We learn by failing. Sometimes by failing again and again till we eventually get it right. Many of us give up after a couple of attempts but those who don't are often the ones who learn new things and create new solutions. I'm as guilty as anyone at giving up all too easily. It's tough when your great idea falls flat on its face and colleagues say "I told you so" or remind you that you have to live in the "real" world and accept that we don't do things like that round here. But new ideas almost never work first time, new technology always has problems and we need to learn to understand the process of innovation instead of expecting instant success every time.
When talking about using technology in education I often hear people say that they tried a particular tool or method but it didn't work as expected and as a result was discarded. Sometimes the technology isn't really up to the mark yet and sometimes the user has not fully understood it. The trick is to have the patience to learn a bit more, try again or look for alternatives that work better for you. Sometimes you need to change the way you work to be able to use an innovation effectively. Often people use a screwdriver to hammer in a nail and then say that the screwdriver is a useless hammer. Often we expect to learn a new tool without any effort and get frustrated when it doesn't work as expected rather than putting in a bit more time to read the instructions first. Not everything is intuitive. Learning involves changing habits, mindset or both.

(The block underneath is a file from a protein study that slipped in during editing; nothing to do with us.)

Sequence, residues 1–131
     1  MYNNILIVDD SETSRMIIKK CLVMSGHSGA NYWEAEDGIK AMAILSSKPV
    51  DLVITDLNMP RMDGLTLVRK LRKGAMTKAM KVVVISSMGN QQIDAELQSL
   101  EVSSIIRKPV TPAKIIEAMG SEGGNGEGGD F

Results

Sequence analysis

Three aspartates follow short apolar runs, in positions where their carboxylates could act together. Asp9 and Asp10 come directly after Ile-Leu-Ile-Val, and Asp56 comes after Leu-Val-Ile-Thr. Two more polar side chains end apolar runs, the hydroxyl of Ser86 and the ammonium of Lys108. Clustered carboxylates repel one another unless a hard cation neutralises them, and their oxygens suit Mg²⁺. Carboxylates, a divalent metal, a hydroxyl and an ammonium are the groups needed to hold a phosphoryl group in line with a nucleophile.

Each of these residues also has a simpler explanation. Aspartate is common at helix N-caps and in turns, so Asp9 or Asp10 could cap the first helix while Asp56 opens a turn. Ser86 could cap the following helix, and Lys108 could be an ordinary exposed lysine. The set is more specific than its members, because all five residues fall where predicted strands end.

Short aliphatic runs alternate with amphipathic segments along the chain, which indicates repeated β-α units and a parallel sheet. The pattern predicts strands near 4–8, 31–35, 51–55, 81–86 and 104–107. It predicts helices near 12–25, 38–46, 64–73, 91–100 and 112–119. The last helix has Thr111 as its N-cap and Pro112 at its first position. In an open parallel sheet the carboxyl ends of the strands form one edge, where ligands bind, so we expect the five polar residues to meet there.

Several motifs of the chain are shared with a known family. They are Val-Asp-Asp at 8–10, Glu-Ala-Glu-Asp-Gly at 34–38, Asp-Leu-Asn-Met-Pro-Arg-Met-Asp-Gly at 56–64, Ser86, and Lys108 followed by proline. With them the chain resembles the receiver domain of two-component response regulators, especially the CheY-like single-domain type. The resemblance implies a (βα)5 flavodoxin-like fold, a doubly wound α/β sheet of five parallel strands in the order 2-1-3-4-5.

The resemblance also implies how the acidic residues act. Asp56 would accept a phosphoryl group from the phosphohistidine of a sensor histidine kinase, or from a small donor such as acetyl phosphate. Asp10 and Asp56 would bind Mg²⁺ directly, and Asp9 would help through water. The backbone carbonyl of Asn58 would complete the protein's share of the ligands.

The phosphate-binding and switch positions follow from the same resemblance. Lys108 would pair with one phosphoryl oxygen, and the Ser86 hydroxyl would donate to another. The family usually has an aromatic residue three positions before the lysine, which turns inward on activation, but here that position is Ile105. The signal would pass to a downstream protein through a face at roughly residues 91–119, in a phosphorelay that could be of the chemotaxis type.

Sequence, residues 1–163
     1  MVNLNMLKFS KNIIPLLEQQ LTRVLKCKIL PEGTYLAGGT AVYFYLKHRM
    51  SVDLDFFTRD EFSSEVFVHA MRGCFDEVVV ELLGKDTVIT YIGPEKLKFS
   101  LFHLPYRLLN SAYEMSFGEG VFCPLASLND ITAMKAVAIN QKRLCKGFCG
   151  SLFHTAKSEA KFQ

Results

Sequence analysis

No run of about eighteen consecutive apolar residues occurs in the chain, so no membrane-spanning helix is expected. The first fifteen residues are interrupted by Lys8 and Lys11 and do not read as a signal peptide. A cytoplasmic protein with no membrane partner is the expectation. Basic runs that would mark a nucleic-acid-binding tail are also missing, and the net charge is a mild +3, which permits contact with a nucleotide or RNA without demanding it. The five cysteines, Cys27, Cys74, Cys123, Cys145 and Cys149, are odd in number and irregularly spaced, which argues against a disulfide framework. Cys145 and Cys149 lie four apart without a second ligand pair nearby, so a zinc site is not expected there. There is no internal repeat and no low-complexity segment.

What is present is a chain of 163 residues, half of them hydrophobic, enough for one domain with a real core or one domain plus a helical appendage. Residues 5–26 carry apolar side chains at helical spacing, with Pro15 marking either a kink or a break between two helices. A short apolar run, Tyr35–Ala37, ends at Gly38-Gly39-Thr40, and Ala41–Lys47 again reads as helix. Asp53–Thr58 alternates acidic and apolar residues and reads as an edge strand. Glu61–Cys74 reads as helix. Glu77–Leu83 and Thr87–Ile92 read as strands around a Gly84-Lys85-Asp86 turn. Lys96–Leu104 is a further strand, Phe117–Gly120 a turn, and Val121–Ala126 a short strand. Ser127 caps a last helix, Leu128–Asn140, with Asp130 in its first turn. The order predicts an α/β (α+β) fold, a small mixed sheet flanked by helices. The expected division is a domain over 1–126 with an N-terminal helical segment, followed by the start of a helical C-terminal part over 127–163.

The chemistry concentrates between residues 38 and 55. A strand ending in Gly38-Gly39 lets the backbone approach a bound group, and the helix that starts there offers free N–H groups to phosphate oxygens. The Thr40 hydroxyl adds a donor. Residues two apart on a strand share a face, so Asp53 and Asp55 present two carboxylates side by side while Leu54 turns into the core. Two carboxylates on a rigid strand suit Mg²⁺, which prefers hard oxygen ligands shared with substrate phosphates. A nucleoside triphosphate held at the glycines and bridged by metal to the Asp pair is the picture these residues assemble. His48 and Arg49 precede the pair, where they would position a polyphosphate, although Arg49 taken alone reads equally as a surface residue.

We learn to fear failure instead of learning from it. When we're under pressure to perform there's no room to take chances so we play safe. However if we can overcome this fear then we could achieve so much more and maybe one of the main differences between creative, innovative people and the rest of us is their ability to keep trying.
To illustrate this have a look at this inspiring TED talk by inventor Regina Dugan, Why we should never fear failure. As she says, "We can’t both fear failure and make amazing new things."